More Publicity for Pirate DJ Johnny Silver

Last week I posted about DJ Johnny Silver and his Iron Action Radio, about which two highly dramatized short films have been made and posted to the web.

His public visibility in home town Nyack, NY has gone up a notch with a local newspaper profile of the man and his station. Frankly, it makes me a little uncomfortable to read all of the clearly identifying details about the man, the station and his cohorts, even naming his fiancee. It is a pretty compelling read, but it also threatens to leave a trail of breadcrumbs right to the station for the FCC to follow.

But Silver seems to exude a somewhat unrealistic air of confidence over his chances of getting busted:

But ask Silver, a self-employed day trader who grew up in Congers, if he fears getting that dreaded knock on his door, and he momentarily turns serious and raps about the First Amendment.

“I don’t want to say I look forward to the challenge, but I do,” he says. “I want to see how long I can stay on the air. The issue won’t come to light until they crack down on something the people like.”

Silver adds the FCC appears to be focusing on leveling obscenity charges on larger, legal radio stations around the country, most notoriously that of syndicated shock jock Howard Stern.

While I don’t want to discourage anyone from putting on their own micropower station, I think it’s wise to be strategic, as I noted in my first post about Silver.

As John Anderson has pointed out, no unlicensed broadcaster has yet been successful in challenging the FCC in the courts using a First Amendment argument. This goes even for Free Radio Berkeley, which led a well-organized and planned legal challenge with the help of the National Lawyers Guild.

Posing for a head-on confrontation with the FCC is something that should not be done lightly, unless you’re prepared for the fight and the possible outcomes. Other stations have certainly done this, and in the case of stations like Freak Radio Santa Cruz, ended up winning even greater community support in the process. But that support was earned through almost 10 years of true community-oriented broadcasting.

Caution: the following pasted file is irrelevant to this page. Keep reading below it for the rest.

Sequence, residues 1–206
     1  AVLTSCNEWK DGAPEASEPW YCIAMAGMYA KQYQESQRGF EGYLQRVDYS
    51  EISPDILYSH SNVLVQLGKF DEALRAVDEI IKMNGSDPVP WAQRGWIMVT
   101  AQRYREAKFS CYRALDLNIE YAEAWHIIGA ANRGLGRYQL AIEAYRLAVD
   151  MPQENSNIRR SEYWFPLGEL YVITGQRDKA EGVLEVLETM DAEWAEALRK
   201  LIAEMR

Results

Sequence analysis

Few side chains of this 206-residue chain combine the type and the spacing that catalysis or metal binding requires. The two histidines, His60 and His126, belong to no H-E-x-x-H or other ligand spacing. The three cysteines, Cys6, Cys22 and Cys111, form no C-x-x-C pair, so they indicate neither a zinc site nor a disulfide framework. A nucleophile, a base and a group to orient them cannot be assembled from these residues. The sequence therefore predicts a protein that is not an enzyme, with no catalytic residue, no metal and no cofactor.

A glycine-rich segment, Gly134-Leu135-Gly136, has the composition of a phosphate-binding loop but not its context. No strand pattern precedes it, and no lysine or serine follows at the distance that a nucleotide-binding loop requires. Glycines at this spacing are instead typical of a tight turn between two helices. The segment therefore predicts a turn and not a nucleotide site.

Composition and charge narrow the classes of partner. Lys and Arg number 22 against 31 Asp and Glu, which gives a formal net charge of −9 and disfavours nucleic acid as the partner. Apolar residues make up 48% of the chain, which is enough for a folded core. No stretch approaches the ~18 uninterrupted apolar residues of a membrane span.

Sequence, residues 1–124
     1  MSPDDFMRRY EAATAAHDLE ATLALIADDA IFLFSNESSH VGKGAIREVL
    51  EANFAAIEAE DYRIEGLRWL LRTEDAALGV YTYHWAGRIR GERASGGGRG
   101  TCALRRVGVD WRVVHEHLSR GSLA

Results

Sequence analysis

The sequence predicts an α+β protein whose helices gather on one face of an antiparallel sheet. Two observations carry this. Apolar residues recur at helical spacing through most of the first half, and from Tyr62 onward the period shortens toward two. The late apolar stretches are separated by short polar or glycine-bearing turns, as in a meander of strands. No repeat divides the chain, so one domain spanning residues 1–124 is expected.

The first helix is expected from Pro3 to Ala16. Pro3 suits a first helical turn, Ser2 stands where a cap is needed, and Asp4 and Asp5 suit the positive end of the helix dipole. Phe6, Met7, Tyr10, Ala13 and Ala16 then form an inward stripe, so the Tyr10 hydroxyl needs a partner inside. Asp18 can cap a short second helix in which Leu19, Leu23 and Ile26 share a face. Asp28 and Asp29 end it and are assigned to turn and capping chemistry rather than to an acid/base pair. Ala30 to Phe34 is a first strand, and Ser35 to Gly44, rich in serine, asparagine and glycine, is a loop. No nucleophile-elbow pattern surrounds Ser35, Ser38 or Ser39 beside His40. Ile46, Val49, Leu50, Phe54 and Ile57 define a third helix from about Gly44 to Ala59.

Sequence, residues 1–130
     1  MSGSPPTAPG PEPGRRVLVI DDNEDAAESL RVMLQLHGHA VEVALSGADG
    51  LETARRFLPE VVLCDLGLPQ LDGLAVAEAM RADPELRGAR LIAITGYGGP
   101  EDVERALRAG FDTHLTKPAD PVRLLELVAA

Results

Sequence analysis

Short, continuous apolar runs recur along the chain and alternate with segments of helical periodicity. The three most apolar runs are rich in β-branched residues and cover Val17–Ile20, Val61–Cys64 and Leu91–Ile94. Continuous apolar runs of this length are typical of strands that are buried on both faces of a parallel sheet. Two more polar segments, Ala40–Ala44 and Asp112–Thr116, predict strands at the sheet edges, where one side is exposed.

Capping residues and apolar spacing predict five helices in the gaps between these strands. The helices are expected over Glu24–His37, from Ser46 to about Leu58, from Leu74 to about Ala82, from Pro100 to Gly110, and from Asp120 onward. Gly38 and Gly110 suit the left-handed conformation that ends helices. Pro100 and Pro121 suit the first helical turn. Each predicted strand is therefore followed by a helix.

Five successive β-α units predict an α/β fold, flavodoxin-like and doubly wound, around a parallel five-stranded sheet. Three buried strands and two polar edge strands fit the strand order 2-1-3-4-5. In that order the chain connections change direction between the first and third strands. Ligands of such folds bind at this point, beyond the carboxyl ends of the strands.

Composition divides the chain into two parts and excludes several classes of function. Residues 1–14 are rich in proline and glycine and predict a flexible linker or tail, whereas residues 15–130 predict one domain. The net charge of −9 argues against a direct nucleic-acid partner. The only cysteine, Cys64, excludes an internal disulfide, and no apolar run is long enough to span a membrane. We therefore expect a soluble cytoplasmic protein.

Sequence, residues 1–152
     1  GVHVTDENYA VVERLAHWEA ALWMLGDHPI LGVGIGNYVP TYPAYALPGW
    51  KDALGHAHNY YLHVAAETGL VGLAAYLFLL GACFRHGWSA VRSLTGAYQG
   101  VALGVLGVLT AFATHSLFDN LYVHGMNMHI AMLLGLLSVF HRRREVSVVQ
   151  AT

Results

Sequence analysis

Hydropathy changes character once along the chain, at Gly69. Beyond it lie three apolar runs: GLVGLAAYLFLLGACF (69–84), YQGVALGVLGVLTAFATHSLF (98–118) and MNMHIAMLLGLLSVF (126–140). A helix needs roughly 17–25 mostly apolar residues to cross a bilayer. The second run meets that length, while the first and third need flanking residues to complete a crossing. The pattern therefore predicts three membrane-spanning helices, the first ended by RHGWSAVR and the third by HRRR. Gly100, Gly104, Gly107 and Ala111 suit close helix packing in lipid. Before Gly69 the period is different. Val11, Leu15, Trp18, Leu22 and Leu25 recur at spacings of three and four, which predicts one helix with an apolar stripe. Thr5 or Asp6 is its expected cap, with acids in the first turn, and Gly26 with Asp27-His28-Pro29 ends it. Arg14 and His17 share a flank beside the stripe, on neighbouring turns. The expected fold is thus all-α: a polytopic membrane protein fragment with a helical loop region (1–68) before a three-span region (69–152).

Compared to other illegal activities, I contend that pirate radio is actually pretty low risk. I wouldn’t put it quite on par with speeding–the fines for pirates are much higher when they get levied. But there aren’t armies of FCC agents roaming the city streets looking for unlicensed broadcasters, either.

Stations have operated for years without apparent detection or action. One such station is Radio Limbo in Tuscon, AZ. Even after being named Tuscon’s Best Pirate Radio in 1997 by the local weekly and being profiled in the Michael Lahey’s documentary “Making Waves,” the station still broadcasts now. But I also understand that the station keeps things relatively quiet, only runs 6 PM to 2 AM, and keeps the transmitter and studios separated.

Of course, if it wanted to dedicate the resources, the FCC could probably investigate a station like Limbo and make a bust. But that would require the station coming up to the top of the Commission’s priority list. And while that may happen any time, making your station well publicized in the mainstream media and issuing challenges to the FCC are definitely ways to up your chances of making it to priority #1.